Prop 36, which would reform the Three Strikes Law, is similar to Prop 34 in that it transcends ideological differences in penal politics to offer a practical, parsimonious fix, albeit a modest one in this case. Currently, the Three Strikes Law inflicts a double sentence on habitual offenders who commit a second violent or serious felony, and a twenty-five-years-to-life sentence upon commission of a third felony, even if the third felony is not violent or serious. The law also allows strikes to be imposed simultaneously, implying that the rationale behind its punitive regime is not deterrence, but rather incapacitation. Currently, California prisons house approximately 32,000 second strikes and 9,000 third strikers; an estimated half of the latter population is serving a twenty-five-years-to-life sentence for a third strike that was neither serious non violent. Beyond the consistently unfavorable media coverage of the injustices propagated on this population (including harsh sentences for thefts of items that cost less than ten dollars), Prop 36 raises serious fiscal issues. While third strikers are a small population, they serve lengthy sentences, which make them by definition expensive inmates. The state spends approximately 50,000 dollars per inmate per annum, and much of this amount is due to health care costs, which apply mostly to old and infirm inmates. The proposed reform to the law is fairly minor: Second strikers’ sentences will remain the same, as will the ability to obtain simultaneous strikes. The only reform would be eliminating the harsh sentence for non-serious, non-violent third strikes, making those a double sentence rather than twenty-five years to life. Current non-violent third strikers would become eligible for resentencing. The Legislative Analyst’s office estimates annual savings that might exceed 100 million dollars.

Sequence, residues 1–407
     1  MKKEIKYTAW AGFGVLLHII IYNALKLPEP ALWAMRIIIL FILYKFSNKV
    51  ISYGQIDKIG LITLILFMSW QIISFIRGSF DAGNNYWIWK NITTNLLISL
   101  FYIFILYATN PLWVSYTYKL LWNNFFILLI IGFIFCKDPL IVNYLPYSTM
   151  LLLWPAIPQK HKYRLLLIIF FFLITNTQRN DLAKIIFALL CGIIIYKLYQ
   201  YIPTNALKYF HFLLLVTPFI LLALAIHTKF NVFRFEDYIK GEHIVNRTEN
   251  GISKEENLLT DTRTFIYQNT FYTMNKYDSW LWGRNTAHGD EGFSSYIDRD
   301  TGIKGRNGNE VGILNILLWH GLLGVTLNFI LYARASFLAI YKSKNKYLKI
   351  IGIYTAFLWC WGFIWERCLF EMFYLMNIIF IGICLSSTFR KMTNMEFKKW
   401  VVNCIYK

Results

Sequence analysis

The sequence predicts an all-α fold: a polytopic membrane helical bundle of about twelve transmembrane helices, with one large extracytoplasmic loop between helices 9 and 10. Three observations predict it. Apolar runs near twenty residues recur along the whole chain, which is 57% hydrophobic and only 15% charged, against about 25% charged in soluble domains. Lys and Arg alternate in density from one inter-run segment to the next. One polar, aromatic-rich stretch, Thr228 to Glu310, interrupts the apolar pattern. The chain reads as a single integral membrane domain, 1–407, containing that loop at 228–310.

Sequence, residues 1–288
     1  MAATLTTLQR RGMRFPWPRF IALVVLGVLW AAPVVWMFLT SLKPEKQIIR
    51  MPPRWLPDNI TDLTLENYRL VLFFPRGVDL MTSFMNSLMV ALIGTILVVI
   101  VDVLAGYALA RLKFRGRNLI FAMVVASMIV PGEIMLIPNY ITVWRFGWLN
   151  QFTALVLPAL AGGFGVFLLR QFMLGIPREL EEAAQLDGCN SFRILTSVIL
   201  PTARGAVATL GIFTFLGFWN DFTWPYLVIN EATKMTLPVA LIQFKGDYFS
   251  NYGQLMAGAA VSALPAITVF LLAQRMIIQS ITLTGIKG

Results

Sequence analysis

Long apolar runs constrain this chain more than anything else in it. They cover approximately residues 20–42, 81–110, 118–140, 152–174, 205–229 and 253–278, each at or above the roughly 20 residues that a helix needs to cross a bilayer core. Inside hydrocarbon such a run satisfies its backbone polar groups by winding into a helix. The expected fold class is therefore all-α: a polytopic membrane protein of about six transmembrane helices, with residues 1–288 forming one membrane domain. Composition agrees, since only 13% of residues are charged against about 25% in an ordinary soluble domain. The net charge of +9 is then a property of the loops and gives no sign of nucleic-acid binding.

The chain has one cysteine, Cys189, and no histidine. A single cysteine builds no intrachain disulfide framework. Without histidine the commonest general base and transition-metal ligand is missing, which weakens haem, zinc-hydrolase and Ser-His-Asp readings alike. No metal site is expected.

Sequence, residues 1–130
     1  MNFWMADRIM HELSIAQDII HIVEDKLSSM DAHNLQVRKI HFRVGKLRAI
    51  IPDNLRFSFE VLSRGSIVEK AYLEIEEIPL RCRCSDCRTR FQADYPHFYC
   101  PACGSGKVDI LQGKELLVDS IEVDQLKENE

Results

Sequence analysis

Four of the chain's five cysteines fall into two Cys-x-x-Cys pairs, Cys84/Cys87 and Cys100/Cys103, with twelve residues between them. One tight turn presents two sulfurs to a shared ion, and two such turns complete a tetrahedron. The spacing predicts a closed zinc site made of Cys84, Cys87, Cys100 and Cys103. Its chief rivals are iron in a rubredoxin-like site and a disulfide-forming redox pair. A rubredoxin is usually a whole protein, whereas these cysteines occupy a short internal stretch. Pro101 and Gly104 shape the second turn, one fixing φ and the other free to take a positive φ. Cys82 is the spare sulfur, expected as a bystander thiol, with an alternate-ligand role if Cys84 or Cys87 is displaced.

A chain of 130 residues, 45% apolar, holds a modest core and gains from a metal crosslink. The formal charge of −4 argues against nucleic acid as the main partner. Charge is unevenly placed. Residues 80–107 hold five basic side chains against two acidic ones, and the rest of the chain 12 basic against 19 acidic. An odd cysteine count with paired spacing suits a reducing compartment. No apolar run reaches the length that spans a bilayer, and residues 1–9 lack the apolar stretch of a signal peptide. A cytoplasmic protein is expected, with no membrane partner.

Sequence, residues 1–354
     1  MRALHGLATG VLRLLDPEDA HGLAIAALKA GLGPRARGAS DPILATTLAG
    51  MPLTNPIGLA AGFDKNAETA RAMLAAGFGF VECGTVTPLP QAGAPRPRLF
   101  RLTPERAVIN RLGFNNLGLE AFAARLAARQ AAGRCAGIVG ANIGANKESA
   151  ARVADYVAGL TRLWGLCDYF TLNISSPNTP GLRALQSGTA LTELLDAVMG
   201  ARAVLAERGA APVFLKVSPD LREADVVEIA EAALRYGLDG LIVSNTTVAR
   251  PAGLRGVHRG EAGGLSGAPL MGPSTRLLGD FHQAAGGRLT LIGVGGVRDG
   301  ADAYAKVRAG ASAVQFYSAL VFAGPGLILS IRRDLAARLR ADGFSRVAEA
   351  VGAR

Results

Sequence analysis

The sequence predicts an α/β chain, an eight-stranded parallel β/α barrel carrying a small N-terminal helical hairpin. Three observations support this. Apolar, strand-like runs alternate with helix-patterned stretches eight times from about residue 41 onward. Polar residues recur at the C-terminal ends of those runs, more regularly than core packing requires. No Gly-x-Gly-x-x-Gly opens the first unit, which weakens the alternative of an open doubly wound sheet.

As opposed to Props 34 and 36, Prop 35 is a classic example of old-school punitive thinking masquerading as a victims’ rights proposition. Marketed as supportive of sex trafficking victims to give it moral weight, the actual text does little, if anything, to help victims. Moreover, the proposition is a mixed bag of the sort of punitive propositions Californians have experienced (and voted on) for years: An increase in the already-considerable sentences of human traffickers, changes to the mens rea requirement for trafficking minors, nebulous criminalization of sex work, and a host of bizarre and unenforceable additions to the already-pervasive sex offender registration scheme (sex offenders would presumably have to report their email addresses and usernames, which cannot possibly be monitored or enforced in any way.) Beyond lip service to the idea of training police to respond well to victims, the proposition would not really improve the situation of victims of trafficking in any predictable way, and its backers and endorsers are counting on the morality hype to confuse voters into doing what seems morally right and vote yes. It would be a costly mistake, along the lines of the 2009 Marsy’s Law and countless other propositions of the same ilk.